Another “beach” wildflower photographed in May at Dry Lagoon Beach in Humboldt Lagoon State Park (Humboldt County CA) is the beach morning glory (Calystegia soldanella). A synonym for this member of the Morning Glory Family (Convolvulaceae) is Convolvulus soldanella. Other common names for this native perennial include seashore false bindweed and beach bindweed.
In North America beach morning glory is found along the Pacific Coast from British Columbia to Southern California and along the sea in Virginia and North Carolina. It also grows in temperate regions across the world. Beach morning glory habitat is coastal beaches and sand dunes.
Beach morning glory arises from deep rhizomes. The entire plant is hairless (glabrous) and is creeping or trailing. The fleshy stems produce a white latex.
The alternate beach morning glory leaves are thick and fleshy. Round at the tip and heart-shaped at the base, the kidney-shaped beach morning glory leaves are wider than they are long, measured along the midrib.
The flowers have a typical morning glory form – broadly funnel shaped with five wholly fused and pleated petals. The pinkish-purple flowers arise singly on stalks from the leaf axils. Five sepals and two bracts surround the petals and there are five stamens and a superior ovary.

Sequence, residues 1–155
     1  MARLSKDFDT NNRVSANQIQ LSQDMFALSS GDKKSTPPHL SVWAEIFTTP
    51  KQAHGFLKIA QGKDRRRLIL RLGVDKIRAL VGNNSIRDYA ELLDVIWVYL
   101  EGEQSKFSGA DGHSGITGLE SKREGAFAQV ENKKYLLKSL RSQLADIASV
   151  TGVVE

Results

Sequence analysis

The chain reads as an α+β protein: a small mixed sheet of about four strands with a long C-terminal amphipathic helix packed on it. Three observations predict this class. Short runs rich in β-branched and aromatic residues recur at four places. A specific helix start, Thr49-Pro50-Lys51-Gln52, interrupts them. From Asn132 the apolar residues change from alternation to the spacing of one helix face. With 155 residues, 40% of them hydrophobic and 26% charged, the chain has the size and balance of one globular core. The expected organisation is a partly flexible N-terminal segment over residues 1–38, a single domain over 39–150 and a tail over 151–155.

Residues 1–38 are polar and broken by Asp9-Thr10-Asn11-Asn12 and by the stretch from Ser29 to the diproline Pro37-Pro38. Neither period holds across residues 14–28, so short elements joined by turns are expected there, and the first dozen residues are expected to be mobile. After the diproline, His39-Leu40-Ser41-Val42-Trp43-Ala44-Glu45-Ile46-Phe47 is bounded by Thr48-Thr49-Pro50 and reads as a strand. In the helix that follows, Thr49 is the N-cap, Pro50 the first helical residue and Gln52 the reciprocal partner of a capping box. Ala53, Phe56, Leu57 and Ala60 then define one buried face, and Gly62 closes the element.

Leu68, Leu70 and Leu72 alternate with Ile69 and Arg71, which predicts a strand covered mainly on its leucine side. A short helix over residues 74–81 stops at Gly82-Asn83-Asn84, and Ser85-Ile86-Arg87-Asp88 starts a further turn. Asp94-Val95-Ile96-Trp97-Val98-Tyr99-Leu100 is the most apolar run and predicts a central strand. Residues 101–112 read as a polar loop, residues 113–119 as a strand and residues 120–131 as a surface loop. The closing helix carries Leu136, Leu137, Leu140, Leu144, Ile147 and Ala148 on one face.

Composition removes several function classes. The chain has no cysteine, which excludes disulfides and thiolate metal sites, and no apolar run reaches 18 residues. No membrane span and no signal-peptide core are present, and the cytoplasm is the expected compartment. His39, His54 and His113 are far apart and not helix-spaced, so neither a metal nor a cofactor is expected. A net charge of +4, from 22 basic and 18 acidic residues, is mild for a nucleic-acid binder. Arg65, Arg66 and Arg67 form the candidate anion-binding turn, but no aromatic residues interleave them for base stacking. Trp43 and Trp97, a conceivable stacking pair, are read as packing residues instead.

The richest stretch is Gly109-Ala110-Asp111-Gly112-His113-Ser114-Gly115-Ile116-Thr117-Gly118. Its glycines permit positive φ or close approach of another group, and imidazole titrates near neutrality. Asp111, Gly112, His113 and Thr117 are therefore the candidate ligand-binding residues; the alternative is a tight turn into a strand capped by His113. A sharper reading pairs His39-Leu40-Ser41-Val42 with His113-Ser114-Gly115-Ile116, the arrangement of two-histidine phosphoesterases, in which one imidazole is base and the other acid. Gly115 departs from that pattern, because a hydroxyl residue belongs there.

Beach morning glory fruits are more or less spherical, two chambered capsules containing two to four large, smooth, dull black seeds.
The genus name, Calystegia, comes from the Greek – “kalux”/cup and “stegos”/covering or “a covering cup”. The reason for this name is unclear. Perhaps it refers to the cup-shaped covering the sepals and bracts form over the base of the petals. The diminutive of “soldo”, or coin, in Italian (soldanella) is the basis for the species designation and refers to the round leaves.